rMBP lowering the resolution to help battery life/less CPU usage?

Discussion in 'MacBook Pro' started by kaicrawf, May 8, 2016.

  1. kaicrawf macrumors newbie

    Joined:
    Jan 31, 2015
    Location:
    United Kingdom
    #1
    Hi! I'm running on a late 2014 Retina MacBook Pro 13" which is a 2560x1600 display (I think). When you go into System Preferences on the display options the "Default for Display" is said to "look like 1280x800".

    I have QuickRes which is a piece of software that lets you change your resolution to just about any you want so I changed it to 1280x800 and it doesn't look THAT bad. Basically I want to know if keeping the resolution lowered to this would make day-to-day tasks less CPU demanding and give me more battery life? If it would make a significant difference I'd get used to the uglier resolution but if it wouldn't affect it that much I'd go back to retina lol

    Thanks for any replies! :)
     
  2. brewmonkey macrumors regular

    Joined:
    Feb 17, 2016
    #2
    I would be surprised if that dramatically improved battery life, but you can easily perform the experiment yourself with and without QuickRes enabled to see if there's any difference. Let us know what happens!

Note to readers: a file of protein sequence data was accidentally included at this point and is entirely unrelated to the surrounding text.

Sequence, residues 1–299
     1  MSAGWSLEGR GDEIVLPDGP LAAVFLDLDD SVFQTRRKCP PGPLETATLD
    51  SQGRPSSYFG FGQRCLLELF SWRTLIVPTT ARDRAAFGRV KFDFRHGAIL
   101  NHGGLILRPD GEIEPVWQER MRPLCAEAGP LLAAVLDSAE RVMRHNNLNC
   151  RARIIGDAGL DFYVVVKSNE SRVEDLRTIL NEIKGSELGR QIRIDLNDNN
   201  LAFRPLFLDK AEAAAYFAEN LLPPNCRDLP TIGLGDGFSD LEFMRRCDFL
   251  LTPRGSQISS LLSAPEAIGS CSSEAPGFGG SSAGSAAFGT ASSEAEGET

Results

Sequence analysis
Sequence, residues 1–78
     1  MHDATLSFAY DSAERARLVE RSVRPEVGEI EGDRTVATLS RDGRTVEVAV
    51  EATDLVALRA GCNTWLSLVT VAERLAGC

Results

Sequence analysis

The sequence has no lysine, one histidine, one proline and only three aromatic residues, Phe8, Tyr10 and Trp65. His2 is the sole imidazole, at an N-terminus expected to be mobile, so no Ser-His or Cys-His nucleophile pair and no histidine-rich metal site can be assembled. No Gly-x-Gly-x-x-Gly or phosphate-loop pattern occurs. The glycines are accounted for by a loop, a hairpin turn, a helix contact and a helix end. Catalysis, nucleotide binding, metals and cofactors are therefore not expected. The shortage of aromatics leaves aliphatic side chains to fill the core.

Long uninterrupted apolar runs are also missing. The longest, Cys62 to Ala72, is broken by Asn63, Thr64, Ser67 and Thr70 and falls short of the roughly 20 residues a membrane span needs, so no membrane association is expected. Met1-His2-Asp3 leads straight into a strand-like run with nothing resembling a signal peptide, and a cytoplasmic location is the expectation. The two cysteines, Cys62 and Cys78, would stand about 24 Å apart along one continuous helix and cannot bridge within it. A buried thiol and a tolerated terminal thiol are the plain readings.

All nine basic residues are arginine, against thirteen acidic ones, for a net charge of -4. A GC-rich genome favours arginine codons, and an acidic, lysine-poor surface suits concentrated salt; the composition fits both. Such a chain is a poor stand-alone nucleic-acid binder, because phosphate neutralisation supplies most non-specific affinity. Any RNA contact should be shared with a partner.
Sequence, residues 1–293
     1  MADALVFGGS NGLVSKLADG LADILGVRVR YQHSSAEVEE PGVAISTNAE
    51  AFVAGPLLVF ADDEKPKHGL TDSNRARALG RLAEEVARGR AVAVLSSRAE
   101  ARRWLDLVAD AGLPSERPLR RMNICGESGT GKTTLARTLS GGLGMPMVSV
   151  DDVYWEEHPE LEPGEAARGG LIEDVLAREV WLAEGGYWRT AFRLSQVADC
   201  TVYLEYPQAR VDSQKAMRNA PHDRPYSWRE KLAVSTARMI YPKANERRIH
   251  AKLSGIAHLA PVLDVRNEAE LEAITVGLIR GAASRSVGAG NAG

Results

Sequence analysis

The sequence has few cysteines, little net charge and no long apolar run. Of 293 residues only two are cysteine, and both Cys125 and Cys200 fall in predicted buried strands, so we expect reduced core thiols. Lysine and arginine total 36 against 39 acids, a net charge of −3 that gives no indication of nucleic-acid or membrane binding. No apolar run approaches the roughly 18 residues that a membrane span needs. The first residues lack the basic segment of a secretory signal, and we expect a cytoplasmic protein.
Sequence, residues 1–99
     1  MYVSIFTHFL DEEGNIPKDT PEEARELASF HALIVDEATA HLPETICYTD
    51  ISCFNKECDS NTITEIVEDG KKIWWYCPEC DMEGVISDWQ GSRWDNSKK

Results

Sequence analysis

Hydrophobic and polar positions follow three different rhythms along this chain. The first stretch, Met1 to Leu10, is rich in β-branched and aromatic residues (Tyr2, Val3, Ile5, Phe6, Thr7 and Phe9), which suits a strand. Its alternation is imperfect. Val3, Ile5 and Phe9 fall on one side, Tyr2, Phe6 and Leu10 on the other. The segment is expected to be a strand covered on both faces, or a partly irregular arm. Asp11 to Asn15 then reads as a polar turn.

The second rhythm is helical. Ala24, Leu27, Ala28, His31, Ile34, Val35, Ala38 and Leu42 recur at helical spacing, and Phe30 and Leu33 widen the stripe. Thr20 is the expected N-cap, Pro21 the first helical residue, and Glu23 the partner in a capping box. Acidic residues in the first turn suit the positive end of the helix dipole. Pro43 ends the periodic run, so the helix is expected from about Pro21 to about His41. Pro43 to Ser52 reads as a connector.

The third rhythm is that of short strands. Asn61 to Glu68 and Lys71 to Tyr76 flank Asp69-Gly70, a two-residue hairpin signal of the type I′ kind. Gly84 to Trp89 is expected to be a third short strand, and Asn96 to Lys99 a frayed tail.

3. DeltaMac macrumors 604

    DeltaMac

    Joined:
    Jul 30, 2003
    Location:
    Delaware
    #3
    You probably won't see much benefit for increased battery life from a lower resolution.
    Turning down screen brightness will give you a noticeable improvement in battery life.
     
  4. leman macrumors 604

    Joined:
    Oct 14, 2008
    #4
    No, turning down resolution would not give you any substantial energy savings, except in possibly very rare scenarios. Most of the time, the image on the screen remains stationary. Redraws happen fairly rarely.
     
  5. matt_on_a_mtn Suspended

    Joined:
    Mar 25, 2016
    #5
    You may actually lose battery life by forcing to a scaled 1280x800 over Apple's retina version or built in scaling, simply because it's a third party app doing it.
     

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